Dragon Consort - While Paladin already has competition for a strong five-drop with Quartermaster, that one is very situational and relies on Silver Hand Recruits already in-play. The Dragon Consort is more forward-facing, with decent vanilla stats and a benefit that activates the next turn. Paired with a strong 8-drop Dragon like Chromaggus, the Paladin will be uniquely suited to swing the board advantage in their favor on turns five and six.
Drakonid Crusher - There's lots of utility to this card, as it answers two persistently difficult classes. The "Handlock" style of Warlock is easy to get towards critical damage, but hard to finish off. Big taunts, Antique Healbots, and the ever-present threat of Jaraxxas makes it a race against time to finish the job. Drakonid Crusher answers all of those easily. Control Warrior also tends to hit low health, but makes up the deficit with huge armor gains. That armor doesn't count towards health, though, so the Crusher would still be activated to knock off some of that armor. It's vulnerable to Big Game Hunter and Silence, but on the whole it's very versatile and even offers decent vanilla stats without the effect.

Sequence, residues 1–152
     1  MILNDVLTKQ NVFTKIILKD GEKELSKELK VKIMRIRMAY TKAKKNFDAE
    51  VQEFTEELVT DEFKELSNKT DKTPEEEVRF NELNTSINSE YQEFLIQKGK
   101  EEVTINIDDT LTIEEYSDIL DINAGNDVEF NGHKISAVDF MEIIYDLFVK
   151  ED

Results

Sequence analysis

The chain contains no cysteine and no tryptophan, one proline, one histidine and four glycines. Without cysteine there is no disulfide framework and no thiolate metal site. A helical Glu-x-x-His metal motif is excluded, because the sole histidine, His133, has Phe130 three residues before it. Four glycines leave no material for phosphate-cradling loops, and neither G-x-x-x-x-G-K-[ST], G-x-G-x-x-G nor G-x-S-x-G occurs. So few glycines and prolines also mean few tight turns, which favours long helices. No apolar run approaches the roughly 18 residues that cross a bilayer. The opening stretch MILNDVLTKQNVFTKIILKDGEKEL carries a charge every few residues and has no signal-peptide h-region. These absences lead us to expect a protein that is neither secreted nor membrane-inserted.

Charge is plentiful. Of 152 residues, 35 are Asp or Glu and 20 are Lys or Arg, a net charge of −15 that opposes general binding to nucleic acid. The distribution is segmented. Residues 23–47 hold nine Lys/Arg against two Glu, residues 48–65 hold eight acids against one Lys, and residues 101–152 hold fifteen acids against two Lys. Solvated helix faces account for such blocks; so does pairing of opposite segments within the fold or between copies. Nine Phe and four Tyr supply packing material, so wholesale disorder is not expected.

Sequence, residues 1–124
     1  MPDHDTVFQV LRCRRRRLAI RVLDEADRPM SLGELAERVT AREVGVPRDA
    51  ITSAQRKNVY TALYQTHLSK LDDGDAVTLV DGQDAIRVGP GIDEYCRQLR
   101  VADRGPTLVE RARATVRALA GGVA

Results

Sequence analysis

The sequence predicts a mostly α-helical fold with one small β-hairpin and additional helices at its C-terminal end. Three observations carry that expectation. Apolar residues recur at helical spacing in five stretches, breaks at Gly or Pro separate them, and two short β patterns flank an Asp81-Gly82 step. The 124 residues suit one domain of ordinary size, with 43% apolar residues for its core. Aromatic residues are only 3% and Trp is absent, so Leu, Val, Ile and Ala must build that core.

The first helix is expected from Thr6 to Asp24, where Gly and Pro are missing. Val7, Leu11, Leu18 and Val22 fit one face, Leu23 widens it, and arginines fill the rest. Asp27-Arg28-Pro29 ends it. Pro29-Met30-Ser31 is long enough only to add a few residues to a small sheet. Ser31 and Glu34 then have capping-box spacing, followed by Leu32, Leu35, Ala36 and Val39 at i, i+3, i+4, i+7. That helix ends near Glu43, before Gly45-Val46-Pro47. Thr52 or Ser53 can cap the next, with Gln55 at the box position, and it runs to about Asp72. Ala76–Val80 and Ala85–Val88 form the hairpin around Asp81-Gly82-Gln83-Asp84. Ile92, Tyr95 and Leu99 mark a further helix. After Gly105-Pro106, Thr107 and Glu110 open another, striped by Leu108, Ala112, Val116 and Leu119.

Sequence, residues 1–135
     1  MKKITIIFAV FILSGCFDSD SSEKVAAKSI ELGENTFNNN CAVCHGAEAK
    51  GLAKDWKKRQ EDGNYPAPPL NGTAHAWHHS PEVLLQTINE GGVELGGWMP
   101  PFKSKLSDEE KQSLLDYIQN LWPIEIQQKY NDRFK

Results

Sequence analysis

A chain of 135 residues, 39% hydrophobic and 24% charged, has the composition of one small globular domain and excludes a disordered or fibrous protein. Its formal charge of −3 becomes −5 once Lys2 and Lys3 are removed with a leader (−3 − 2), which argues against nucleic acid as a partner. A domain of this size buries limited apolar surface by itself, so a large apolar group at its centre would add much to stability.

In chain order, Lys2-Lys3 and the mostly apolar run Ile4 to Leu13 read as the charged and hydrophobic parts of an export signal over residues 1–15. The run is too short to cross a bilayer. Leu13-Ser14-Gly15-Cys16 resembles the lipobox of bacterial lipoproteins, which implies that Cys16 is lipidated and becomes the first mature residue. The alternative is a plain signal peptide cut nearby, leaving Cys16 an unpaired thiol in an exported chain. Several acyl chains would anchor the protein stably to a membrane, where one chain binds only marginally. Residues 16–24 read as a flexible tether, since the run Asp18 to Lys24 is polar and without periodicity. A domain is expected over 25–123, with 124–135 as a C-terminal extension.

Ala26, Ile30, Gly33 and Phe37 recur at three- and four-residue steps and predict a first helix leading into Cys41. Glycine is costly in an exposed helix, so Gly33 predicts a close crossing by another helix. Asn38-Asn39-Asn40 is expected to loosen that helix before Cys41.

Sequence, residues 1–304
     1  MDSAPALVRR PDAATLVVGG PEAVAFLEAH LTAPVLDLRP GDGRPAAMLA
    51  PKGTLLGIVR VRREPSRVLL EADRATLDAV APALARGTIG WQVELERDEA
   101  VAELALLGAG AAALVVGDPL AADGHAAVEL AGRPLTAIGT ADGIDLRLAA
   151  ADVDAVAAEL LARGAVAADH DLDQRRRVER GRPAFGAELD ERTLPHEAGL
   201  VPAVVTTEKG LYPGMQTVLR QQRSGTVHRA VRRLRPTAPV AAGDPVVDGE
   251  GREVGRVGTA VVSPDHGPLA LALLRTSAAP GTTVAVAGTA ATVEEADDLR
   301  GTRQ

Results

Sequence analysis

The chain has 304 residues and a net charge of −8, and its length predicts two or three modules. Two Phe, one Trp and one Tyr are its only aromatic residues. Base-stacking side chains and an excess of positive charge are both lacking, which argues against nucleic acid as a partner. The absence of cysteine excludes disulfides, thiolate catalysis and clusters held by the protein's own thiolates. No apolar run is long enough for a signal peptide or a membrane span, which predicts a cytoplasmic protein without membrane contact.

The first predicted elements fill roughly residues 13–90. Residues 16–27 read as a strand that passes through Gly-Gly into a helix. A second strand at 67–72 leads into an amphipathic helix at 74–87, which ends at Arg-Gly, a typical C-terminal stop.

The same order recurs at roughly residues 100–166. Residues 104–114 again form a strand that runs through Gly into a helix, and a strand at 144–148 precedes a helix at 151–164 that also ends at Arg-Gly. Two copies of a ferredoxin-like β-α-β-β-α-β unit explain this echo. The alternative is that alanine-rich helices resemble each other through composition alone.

Emperor Thaurissan - Expect some big tempo swings with this guy. 5/5 for 6 mana makes for bad stats, similar to Sylvanis, but like Ms. Windrunner his ability more than makes up for it. You're guaranteed right from the start to reduce the cost of every card by 1 mana. If you have four cards in-hand, that's 4-mana worth of cost-savings by trading 1-mana worth of stats. Pretty worth it! More importantly, the ability stacks, so if your opponent can't kill him immediately your cards will just get cheaper and cheaper.
Fireguard Destroyer - Shaman is at a shortage of big beefy minions, especially on turn 4. If you take the Overload cost into account, this thing is at minimum a 4/6 for 5 mana, which is decent. The extra attack boost, though, makes it a must-play, and it's likely to become a staple in Shaman decks. Imagine staring down a 7/6 on turn four, and being forced to take the damage or burn a Big Game Hunter or Silence.